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The Dollar Store War
What can the last phase of the Seven Years War tell us about the war in Ukraine?
In 1967, my family drove from New York to Montreal. I remember little of our destination. Indeed, all I recall of Expo 67 was a game of Rangers-and-Indians played in a child-sized wooden fort. I do, however, harbor fond memories of two places where we stopped along the way, Fort George and Fort Ticonderoga. Indeed, thanks to the things I saw in those relics of the eighteenth century, I developed an enduring interest in the French and Indian War.
Later, I would learn that the grand saga of Wolfe and Montcalm, Robert Rogers and young Colonel Washington, was part of a much larger event, a world war avant la lettre with theaters of operations in India, central Europe, the Caribbean, and western Germany, as well as the northeastern corner of North America. Latter still, Hans Delbrück convinced me that, while the painters of battle scenes set in the Seven Years War have yet to run out of material, the conclusion of that grand multi-sided struggle had more to do with financial exhaustion than any trial with fire and sword.
If I am not too badly mistaken, the accountants began to warn their royal masters of impending insolvency in 1759 or so. I say this because, that is the point where the belligerents made the switch from the grand guerre beloved of the drums and trumpets set to the Dollar Store war of strict budgets, extensive fortifications, and small-scale special operations. (In 1762, William of Schaumburg-Lippe used a campaign made up of these elements to prevent a Spanish conquest of Portugal. Indeed, he did this so well that the Portuguese still call this enterprise A Guerra Fantástica.)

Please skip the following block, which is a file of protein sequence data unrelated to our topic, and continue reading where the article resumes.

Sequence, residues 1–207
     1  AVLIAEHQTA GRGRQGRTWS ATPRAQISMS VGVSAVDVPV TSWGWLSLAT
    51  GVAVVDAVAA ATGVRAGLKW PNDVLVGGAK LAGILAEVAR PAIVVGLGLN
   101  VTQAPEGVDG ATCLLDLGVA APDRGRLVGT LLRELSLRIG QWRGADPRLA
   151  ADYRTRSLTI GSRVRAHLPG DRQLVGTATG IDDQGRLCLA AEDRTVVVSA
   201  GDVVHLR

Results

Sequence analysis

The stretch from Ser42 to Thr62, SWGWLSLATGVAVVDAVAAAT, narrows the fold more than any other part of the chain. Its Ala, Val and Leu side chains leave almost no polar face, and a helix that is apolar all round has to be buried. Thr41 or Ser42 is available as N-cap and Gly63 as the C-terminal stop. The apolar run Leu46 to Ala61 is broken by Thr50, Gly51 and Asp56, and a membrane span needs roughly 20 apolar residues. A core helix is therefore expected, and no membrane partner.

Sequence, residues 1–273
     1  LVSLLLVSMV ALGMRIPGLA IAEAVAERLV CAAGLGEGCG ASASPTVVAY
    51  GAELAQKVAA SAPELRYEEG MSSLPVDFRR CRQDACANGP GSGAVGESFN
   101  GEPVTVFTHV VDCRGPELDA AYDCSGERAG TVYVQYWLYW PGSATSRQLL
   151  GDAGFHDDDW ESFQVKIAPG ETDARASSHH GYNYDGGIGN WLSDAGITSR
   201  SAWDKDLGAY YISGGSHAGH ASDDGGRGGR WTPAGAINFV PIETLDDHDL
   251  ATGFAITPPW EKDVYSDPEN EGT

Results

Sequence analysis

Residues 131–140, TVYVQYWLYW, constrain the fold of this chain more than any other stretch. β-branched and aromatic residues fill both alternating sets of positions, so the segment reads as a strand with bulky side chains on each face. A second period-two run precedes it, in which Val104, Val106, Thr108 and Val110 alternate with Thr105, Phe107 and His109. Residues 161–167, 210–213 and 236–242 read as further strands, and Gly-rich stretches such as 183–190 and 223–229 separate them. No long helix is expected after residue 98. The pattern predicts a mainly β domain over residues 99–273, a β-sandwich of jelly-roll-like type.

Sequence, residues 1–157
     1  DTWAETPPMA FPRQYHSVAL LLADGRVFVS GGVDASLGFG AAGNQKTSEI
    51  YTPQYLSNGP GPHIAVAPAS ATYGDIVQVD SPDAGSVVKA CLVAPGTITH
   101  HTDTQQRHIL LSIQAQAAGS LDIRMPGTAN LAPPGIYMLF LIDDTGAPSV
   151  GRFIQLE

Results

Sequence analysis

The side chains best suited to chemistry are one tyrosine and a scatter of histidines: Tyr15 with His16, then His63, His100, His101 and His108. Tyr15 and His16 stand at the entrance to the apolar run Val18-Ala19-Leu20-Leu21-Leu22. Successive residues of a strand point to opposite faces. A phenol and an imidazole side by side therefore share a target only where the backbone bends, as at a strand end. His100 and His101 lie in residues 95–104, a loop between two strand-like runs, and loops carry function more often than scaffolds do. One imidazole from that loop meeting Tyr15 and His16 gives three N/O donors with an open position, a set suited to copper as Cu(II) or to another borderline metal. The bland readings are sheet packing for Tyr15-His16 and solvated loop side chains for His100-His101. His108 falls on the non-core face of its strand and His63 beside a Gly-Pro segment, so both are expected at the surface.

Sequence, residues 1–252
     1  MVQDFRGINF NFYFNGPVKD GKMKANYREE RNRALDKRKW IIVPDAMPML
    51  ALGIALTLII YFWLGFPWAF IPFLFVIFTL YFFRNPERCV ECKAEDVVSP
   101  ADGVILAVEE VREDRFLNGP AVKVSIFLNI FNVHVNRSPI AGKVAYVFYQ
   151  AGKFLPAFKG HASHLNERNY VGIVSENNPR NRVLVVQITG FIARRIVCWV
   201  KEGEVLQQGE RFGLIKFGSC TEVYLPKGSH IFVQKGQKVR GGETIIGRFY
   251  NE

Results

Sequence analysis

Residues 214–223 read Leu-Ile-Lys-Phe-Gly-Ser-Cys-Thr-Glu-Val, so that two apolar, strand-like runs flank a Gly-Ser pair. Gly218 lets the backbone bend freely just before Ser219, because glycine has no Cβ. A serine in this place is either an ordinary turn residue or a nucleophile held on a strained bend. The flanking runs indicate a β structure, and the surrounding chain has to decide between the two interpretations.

Analogies prove nothing. Nonetheless, thinking about the last half of the Seven Years War leads me to consider the possibility that the present conflict in Ukraine has entered its Dollar Store phase. After all, the paymasters have begun to pinch pennies, the minefields grow thicker every day, and beaux gestes, both human and robotic, abound.
The good news here is that Dollar Store wars end quietly. (Compare, if you will, the Berlin of 1763 with the Berlin of 1945.) The bad news, it may be a while before the present-day analogs of King Frederick of Prussia are reduced to searching under couch cushions for quarters (or kopecks.)